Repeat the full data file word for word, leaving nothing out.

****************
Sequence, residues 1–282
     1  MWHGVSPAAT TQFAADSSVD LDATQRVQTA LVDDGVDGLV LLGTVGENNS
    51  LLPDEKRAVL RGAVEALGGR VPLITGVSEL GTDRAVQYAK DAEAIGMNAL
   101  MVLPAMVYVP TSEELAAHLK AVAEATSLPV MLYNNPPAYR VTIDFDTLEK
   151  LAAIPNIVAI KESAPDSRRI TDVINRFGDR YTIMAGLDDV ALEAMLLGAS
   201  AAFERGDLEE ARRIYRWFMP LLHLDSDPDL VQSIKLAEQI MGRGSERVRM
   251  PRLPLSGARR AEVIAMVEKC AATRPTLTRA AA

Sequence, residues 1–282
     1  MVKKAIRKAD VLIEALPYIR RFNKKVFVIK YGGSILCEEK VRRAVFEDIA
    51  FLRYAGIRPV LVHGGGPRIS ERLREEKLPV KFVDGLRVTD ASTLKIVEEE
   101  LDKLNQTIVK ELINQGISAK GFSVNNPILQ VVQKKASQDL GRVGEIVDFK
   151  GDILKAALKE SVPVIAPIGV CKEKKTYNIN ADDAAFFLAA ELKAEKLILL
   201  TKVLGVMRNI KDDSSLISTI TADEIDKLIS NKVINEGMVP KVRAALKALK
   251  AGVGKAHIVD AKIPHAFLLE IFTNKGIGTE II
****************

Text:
Sequence, residues 1–282
     1  MWHGVSPAAT TQFAADSSVD LDATQRVQTA LVDDGVDGLV LLGTVGENNS
    51  LLPDEKRAVL RGAVEALGGR VPLITGVSEL GTDRAVQYAK DAEAIGMNAL
   101  MVLPAMVYVP TSEELAAHLK AVAEATSLPV MLYNNPPAYR VTIDFDTLEK
   151  LAAIPNIVAI KESAPDSRRI TDVINRFGDR YTIMAGLDDV ALEAMLLGAS
   201  AAFERGDLEE ARRIYRWFMP LLHLDSDPDL VQSIKLAEQI MGRGSERVRM
   251  PRLPLSGARR AEVIAMVEKC AATRPTLTRA AA

Sequence, residues 1–282
     1  MVKKAIRKAD VLIEALPYIR RFNKKVFVIK YGGSILCEEK VRRAVFEDIA
    51  FLRYAGIRPV LVHGGGPRIS ERLREEKLPV KFVDGLRVTD ASTLKIVEEE
   101  LDKLNQTIVK ELINQGISAK GFSVNNPILQ VVQKKASQDL GRVGEIVDFK
   151  GDILKAALKE SVPVIAPIGV CKEKKTYNIN ADDAAFFLAA ELKAEKLILL
   201  TKVLGVMRNI KDDSSLISTI TADEIDKLIS NKVINEGMVP KVRAALKALK
   251  AGVGKAHIVD AKIPHAFLLE IFTNKGIGTE II